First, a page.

Baltimore mayor honors moms who make a difference in their communities

BALTIMORE - Everyone on the block knows Sonja Merchant-Jones, but on Tuesday more people found out who she is. 

She has lived between Waverly and Better Waverly for more than two decades. And she's watched her neighborhood change.

“I had a phone call. I looked out my window and it was as if we had a parade going on. It was if they're saying we're taking over,” Merchant-Jones said.

Sonja said gangs were bringing trouble to Gorsuch Avenue.  But not even that intimidated this grandmother who chairs the Better Waverly Community Organization.

With her councilwoman, and community police officer, she took on the gangs.

"I'm gonna make dinner for you. We're gonna meet. We're gonna vent, and then we're gonna be done with it, and we were," she said.

Merchant-Jones’s brave efforts didn't go unnoticed.  She was honored Tuesday by Mayor Stephanie Rawlings-Blake along with 24 other Baltimore Top Neighborhood Moms.

"You don't do what you do looking to be honored but it sure feels good when someone stops to take the time to say thank you," she said.

Rawlings-Blake, presided over the ceremony, passing out tins of cookies to some of Baltimore’s best neighborhood moms.

"There are so many positive things on the horizon and to have so many positive ladies are leaders this community," Rawlings-Blake said.

Rodney Orange attended the event with his mother Catherine Orange. He said she retired from Baltimore City College on a Friday and was back to work bettering her community on a Monday.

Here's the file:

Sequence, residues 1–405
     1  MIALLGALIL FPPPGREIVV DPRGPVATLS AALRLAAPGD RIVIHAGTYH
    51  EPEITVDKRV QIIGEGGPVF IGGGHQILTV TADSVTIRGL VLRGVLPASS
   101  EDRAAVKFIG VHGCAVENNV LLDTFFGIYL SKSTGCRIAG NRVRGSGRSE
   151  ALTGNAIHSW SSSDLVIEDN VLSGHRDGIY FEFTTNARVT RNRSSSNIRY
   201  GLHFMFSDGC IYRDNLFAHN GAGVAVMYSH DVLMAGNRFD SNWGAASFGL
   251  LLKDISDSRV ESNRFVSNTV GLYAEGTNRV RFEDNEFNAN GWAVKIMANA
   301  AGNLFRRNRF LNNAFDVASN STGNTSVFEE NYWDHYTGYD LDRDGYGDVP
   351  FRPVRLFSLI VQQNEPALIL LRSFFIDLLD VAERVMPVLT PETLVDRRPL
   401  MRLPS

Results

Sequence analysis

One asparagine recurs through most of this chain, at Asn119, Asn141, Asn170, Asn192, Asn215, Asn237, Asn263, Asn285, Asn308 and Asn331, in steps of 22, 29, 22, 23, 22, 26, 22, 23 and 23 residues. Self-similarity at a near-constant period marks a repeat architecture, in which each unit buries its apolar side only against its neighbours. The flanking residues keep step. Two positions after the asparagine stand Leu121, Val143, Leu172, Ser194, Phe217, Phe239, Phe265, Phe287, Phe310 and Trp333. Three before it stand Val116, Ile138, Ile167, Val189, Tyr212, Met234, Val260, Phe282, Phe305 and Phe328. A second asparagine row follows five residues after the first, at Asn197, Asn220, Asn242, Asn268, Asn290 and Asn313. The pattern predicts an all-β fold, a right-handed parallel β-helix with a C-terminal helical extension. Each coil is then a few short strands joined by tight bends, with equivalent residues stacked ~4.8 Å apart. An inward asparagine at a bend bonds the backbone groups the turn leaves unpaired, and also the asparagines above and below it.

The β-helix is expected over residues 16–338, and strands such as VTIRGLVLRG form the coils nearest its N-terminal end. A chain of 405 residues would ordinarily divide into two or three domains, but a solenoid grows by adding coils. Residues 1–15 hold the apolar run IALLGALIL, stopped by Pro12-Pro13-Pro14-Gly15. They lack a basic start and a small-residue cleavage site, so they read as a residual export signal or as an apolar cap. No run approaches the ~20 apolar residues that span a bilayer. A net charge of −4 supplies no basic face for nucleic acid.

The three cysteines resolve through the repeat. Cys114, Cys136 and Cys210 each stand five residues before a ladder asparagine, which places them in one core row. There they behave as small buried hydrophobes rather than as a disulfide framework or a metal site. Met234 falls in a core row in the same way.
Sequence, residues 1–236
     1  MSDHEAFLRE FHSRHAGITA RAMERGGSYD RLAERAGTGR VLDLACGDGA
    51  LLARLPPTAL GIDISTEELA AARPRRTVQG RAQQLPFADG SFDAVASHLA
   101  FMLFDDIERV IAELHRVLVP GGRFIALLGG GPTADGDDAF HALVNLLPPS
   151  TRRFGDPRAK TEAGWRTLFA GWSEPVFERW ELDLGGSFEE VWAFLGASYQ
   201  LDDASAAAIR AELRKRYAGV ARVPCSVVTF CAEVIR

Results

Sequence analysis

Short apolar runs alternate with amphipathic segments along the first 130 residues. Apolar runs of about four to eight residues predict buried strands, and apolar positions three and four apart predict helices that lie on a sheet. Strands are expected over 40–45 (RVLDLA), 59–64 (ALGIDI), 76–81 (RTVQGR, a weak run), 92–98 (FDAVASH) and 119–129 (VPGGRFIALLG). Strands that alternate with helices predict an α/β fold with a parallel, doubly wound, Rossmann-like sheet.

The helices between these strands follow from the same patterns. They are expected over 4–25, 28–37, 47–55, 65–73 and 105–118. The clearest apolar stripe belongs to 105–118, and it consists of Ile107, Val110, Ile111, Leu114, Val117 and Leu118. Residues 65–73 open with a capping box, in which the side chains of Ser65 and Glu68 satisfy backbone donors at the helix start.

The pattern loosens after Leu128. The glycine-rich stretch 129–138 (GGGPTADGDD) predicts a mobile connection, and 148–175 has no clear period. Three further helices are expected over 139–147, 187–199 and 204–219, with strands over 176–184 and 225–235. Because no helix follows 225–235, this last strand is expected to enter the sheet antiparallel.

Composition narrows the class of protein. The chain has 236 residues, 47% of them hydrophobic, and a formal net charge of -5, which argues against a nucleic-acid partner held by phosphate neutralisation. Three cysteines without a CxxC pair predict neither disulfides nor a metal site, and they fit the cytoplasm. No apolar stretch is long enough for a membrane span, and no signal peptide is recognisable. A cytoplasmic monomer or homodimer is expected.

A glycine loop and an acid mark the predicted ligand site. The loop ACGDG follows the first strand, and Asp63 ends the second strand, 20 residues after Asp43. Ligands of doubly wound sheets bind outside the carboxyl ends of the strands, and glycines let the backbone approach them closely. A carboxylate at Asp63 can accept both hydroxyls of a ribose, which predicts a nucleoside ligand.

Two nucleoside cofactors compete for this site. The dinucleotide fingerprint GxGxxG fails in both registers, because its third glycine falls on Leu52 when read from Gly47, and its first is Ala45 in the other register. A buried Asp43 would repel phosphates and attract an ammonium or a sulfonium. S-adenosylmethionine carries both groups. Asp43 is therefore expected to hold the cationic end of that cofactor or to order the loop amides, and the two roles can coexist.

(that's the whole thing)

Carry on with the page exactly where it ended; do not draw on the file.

“I'm just so proud and have always been proud of my mom," Rodney said.

Catherine is a Seton Hill mom that runs the Arena Players Theater and serves as a mentor.

"We teach drama [and] speech.  It's just so wonderful when you see these kids do something positive, but we need more of that," Catherine said.

From Govans to Cherry Hill and communities in between they were honored for everything from neighborhood watch to cleaning up their streets. They're making a difference, but there's always room for a few more good women.

"Roll up your sleeves and get involved because we need to be involved if we're gonna make a change.  We have to do it," Catherine said.

Merchant-Jones , sitting at a nearby table, added, "I love this city and I love my community and I want for other children what I wanted for my kids and that’s why I do what I do."

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